Threat Emulation Handling Mode

Emulation Connection Handling Mode lets you configure Threat Emulation to allow or block a connection while it finishes the analysis of a file. The handling mode you select affects the form of the file that the user receives and the timing at which the user receives it. This section explains the difference between the Threat Emulation handling modes and the interaction between the Threat Emulation and Threat ExtractionClosed Check Point Software Blade on a Security Gateway that removes malicious content from files. Acronym: TEX. components with regards to the handling mode selected.

The first part of the section explains what happens when Threat Emulation works with Threat Extraction disabled and the second part explains how the Threat Emulation and the Threat Extraction components work together. You can also specify a different mode for SMTP and HTTP services. To configure the settings for the Threat Emulation handling mode, go to Security Policies > Threat Prevention > Policy > right-click a profile > Threat Emulation > Advanced.

Selecting an Emulation connection handling mode when Threat Extraction is disabled

If Threat Emulation reaches a verdict regarding a file within 3 seconds or less:

  • If the file is benign, the gateway sends the original file to the user.

  • If the file is malicious, the gateway blocks the page.

If Threat Emulation takes longer than 3 seconds to check the file:

  • In Rapid Delivery mode - The gateway sends the original file to the user (even if it turns out eventually that the file is malicious).

  • In Maximum Prevention mode - The user waits for Threat Emulation to complete. If the file is benign, the gateway sends the original file to the user. If the file is malicious, the gateway presents a Block page and the user does not get access to the file. Maximum Prevention mode gives you more security, but may cause time delays in downloading files.

In Custom mode- You can set a different handling mode for SMTP and HTTP. For example: you can set HTTP to Rapid Delivery and SMTP to Maximum Prevention.

Selecting an Emulation connection handling mode when Threat Extraction is enabled

With Threat Extraction, the gateway removes potentially malicious parts from downloaded/attached files and delivers them instantly to the user. Threat Emulation continues to run in the background, and examine the original files. Threat Extraction supports certain file types, primarily Microsoft Office files and PDFs, but not all file types, for example, executables.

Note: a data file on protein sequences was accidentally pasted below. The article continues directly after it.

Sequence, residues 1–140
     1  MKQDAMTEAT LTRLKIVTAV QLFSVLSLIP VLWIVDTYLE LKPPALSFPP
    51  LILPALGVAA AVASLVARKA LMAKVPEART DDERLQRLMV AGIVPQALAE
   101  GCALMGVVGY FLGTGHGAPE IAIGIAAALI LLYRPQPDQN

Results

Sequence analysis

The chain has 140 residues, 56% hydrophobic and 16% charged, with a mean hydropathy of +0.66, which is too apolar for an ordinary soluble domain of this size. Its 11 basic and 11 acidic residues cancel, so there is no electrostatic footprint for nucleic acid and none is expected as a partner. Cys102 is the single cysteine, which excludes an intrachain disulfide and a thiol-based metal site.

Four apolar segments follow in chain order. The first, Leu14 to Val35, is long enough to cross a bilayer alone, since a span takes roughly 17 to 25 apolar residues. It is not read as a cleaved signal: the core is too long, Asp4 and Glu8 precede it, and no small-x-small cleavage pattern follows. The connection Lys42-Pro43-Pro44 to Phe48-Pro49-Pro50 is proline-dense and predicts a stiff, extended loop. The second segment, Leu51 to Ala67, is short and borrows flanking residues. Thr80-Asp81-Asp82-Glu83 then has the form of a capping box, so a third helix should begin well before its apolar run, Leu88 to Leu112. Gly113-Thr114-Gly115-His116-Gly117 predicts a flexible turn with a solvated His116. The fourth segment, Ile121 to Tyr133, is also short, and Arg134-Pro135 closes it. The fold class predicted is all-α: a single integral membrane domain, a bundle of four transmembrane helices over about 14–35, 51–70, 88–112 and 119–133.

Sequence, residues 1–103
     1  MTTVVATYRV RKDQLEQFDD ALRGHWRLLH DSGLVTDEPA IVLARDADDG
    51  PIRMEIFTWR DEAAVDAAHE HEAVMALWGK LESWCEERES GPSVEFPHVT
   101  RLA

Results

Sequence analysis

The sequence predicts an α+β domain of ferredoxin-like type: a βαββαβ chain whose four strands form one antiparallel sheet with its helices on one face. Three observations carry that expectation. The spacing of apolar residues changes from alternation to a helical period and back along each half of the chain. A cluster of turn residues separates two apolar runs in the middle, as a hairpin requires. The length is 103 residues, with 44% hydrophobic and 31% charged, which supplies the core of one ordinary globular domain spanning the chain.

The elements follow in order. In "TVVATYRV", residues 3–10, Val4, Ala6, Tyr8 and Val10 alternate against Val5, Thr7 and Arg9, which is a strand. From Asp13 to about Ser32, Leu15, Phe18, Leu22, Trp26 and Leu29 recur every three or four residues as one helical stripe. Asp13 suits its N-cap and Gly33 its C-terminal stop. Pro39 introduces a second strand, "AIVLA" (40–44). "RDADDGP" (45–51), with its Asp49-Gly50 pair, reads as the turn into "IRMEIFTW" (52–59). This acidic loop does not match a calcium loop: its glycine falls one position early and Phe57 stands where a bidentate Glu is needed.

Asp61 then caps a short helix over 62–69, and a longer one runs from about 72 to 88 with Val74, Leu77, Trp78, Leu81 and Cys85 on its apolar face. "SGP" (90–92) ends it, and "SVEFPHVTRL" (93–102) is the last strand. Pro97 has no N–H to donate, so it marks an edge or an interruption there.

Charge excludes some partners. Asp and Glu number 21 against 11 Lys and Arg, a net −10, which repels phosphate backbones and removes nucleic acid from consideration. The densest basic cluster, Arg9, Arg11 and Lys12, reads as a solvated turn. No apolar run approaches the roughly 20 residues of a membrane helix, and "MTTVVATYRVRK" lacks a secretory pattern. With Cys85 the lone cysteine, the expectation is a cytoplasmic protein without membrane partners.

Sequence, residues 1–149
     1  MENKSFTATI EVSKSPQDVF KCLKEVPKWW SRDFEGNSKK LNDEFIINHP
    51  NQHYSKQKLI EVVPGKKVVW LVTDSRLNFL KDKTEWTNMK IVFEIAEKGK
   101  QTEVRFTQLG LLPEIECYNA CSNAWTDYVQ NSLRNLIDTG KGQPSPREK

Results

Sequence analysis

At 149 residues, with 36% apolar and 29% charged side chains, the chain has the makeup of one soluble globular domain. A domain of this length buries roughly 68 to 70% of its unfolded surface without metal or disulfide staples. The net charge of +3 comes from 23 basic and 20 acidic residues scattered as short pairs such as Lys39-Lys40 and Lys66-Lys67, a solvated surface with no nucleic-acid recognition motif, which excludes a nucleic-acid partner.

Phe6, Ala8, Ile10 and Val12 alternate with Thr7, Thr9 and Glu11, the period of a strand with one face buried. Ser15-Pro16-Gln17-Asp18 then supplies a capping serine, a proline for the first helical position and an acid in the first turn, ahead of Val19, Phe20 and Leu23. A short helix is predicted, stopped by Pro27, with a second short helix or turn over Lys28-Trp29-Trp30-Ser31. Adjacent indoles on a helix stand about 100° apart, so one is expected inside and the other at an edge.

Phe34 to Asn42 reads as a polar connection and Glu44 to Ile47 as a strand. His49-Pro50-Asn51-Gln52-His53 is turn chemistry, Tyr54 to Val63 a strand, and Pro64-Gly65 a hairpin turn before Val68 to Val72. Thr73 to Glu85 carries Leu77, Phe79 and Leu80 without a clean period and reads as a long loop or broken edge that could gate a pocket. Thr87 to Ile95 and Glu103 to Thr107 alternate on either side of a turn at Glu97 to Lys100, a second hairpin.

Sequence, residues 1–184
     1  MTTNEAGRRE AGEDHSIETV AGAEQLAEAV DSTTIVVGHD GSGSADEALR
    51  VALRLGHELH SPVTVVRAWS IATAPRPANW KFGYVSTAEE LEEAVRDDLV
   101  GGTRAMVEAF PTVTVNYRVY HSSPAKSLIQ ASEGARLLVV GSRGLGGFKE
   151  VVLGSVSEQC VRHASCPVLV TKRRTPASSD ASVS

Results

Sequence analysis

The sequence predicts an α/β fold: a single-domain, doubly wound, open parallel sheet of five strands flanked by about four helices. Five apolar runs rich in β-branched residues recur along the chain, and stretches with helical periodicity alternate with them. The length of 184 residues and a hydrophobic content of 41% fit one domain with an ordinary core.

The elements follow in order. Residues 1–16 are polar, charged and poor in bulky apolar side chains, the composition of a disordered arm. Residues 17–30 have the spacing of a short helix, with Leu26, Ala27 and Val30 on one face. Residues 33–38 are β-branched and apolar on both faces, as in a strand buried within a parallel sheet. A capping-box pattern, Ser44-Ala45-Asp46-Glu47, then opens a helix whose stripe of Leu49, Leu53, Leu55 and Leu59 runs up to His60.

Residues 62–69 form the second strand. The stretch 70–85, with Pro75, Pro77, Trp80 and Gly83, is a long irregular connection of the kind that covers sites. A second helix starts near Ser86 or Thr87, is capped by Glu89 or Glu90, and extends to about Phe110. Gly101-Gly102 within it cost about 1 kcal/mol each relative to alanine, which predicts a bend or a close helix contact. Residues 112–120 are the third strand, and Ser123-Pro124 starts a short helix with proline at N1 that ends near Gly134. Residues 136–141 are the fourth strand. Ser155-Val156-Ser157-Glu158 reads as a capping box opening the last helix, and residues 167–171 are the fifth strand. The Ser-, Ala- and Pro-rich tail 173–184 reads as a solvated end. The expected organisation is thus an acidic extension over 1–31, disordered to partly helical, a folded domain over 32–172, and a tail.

• If Threat Emulation rules that the file is benign, the user gets access to the original file, using the link in the file itself or the email body banner, , without help desk overhead.

  • If Threat Emulation rules that the file is malicious, the original file is blocked and the user only gets access to the cleaned file.

This way administrators can ensure maximum security, while not harming end-user productivity.

This behavior would be the same for both the Rapid Delivery and Maximum Prevention modes. Nevertheless, if you select Maximum Prevention, In CLI, you can configure an even more restrictive mode, such that:

  • The user always waits for Threat Emulation to complete, even if the file is supported by Threat Extraction.

  • The user receives the file only if the file is deemed benign, and if the file is supported by Threat Extraction, it will also be cleaned. To configure this mode, see sk146593.

When Threat Extraction is enabled, but the file is not supported by Threat Extraction, the user is not able to receive a cleaned version of the file. The behavior therefore, will be the same as when Threat Extraction is disabled. In Rapid Delivery mode, the user gets the original file and in Maximum Prevention mode, the user waits for the Threat Emulation verdict.

Best Practice:

If Threat Extraction is enabled, use Maximum Prevention as your handling mode (without the extra preventive CLI configuration). Because most files that users work with on a daily basis are documents, that are supported by Threat Extraction, the time penalty for waiting for the non-supported files is manageable. Users will be able to receive most files in a timely manner. If Threat Extraction is disabled, select the handling mode based on balancing your security needs versus time constraints.

If you use the Prevent action, a file that Threat Emulation already identified as malware is blocked. Users cannot get the file even in Rapid Delivery mode.